Sometimes, recipes fall into this category, too. I mean, here we are all holiday-themed with Diwali just past and US Thanksgiving around the corner, and I completely forgot about this gem of a recipe that I had shared over a year ago on the XgfX blog! Sadly, the blog appears to be out of commission these days, but this recipe should be good forever. I thought I’d bring it over here to share with those of you who may have missed it, or those of you who saw it when first posted and, like me, had it slip from your memory.

The pudding is a creamy, luscious, pillowy base of pumpkin, oats and nuts (or seeds), blended to silky smooth perfection, lightly spiced and dotted with tart cranberries throughout. Straight from the oven, it makes a wonderful warm mousse-like dessert (especially great baked in a soufflé dish and topped with whipped cream); when cold, it thickens and (in my opinion) provides an equally appealing breakfast. And with this combination of ingredients, you won’t have to feel guilty eating it that way, either.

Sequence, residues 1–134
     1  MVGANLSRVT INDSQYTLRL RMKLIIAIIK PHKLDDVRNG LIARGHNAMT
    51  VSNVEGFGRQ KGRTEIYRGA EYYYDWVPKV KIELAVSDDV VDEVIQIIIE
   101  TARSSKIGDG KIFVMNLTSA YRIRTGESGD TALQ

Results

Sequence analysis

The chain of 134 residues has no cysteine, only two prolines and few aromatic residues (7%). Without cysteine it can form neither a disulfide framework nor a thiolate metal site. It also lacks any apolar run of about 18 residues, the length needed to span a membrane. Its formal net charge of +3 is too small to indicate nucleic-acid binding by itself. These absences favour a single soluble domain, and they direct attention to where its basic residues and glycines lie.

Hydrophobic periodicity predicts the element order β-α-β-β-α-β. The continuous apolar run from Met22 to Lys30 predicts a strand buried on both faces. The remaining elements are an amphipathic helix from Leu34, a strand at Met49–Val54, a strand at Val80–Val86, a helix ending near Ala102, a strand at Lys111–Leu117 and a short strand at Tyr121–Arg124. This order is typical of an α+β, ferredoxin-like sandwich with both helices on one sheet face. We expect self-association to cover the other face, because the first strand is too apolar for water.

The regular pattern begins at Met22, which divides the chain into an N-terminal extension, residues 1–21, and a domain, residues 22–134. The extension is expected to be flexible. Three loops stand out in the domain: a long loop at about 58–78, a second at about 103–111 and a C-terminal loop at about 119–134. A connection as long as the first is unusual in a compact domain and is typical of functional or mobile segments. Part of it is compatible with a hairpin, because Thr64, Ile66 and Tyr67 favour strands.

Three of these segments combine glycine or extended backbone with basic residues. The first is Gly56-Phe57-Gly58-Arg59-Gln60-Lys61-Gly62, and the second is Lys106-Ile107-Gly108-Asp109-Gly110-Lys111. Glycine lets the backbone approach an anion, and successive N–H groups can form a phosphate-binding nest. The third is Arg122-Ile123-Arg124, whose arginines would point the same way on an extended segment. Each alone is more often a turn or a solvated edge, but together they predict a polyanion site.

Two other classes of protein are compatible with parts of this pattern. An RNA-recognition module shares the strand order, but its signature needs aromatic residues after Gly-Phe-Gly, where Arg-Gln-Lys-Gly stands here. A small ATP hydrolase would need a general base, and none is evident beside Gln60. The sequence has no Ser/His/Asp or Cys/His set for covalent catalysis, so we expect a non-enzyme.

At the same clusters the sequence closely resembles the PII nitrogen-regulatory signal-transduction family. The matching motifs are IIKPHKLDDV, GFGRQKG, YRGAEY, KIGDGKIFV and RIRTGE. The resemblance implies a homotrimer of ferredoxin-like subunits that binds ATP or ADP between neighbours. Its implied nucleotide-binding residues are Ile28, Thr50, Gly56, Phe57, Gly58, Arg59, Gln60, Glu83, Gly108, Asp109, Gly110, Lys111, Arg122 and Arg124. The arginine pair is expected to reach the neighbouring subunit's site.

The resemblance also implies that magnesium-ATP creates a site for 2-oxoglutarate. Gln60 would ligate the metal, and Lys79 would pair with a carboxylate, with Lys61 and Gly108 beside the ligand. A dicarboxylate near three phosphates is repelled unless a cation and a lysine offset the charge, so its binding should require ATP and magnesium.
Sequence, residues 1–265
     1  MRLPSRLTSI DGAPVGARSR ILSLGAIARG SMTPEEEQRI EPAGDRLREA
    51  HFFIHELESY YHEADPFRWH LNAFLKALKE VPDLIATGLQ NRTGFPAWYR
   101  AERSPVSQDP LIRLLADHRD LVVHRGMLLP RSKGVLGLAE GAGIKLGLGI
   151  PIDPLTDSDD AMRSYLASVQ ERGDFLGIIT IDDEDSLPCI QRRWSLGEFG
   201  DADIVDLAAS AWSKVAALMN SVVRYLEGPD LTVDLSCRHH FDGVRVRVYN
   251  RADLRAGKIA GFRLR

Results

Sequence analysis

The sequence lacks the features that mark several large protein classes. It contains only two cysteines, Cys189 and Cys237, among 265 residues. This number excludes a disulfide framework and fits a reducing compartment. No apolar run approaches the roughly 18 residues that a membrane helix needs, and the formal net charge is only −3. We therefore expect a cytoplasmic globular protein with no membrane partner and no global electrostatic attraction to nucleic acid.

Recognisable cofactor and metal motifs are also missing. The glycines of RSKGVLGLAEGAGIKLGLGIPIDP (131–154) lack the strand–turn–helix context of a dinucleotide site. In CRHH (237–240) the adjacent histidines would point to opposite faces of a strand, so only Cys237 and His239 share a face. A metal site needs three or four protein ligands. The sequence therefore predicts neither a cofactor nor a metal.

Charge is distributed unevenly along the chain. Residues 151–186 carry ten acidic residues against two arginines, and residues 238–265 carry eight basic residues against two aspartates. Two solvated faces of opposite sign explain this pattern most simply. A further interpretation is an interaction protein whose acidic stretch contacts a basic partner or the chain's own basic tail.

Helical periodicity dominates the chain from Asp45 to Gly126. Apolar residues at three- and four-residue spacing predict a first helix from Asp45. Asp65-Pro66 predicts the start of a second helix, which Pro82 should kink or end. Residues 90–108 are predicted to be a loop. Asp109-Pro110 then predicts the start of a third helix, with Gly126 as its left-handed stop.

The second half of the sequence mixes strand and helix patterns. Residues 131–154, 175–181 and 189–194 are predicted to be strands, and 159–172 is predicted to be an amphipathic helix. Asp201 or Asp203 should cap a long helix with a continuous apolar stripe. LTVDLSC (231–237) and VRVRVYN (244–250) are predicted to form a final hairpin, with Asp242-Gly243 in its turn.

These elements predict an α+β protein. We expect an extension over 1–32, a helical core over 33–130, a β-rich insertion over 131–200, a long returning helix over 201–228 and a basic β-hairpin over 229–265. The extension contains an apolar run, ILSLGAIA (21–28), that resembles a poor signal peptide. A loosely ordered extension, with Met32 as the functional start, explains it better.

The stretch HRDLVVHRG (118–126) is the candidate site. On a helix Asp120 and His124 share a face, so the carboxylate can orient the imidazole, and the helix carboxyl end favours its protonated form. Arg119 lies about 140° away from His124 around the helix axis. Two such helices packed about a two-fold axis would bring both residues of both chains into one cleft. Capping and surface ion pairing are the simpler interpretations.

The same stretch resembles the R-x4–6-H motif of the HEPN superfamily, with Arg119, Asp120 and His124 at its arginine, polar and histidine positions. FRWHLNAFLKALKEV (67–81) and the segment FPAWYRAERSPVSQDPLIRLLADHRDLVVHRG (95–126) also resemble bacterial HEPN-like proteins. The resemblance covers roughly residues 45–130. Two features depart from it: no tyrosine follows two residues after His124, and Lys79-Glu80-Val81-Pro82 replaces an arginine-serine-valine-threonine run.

Unlike that blue woolen mini skirt, this one is a keeper. Well, until it’s baked, at least–at which point you no longer want to keep it, just eat it. ;)

I’m linking this up to Slightly Indulgent Tuesday and this week’s Wellness Weekend.

Pumpkin Cranberry Oatmeal Pudding from Diet, Dessert and Dogs

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Last Year at this Time: Moroccan Millet and Butternut Squash Pilaf (gluten free; ACD Stage 3 and beyond)

Two Years Ago: Roasted Chestnut and Parsnip Soup (gluten free; ACD Stage 2 and beyond)

Three Years Ago: Apple and Red Wine Soup (with ACD Variation) (gluten free; ACD Stage 2 and beyond)

Four Years Ago: Eggplant Caviar (gluten free; ACD  stage 3 and beyond)

Five Years Ago: Orange-Oatmeal Muffins (not gluten free; ACD maintenance only)

© Ricki Heller, Diet, Dessert and Dogs

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Comments

  1. Oh, Ricki, I love everything about this recipe!

    Sounds like we have similar closet – and kitchen cupboard – issues! LOL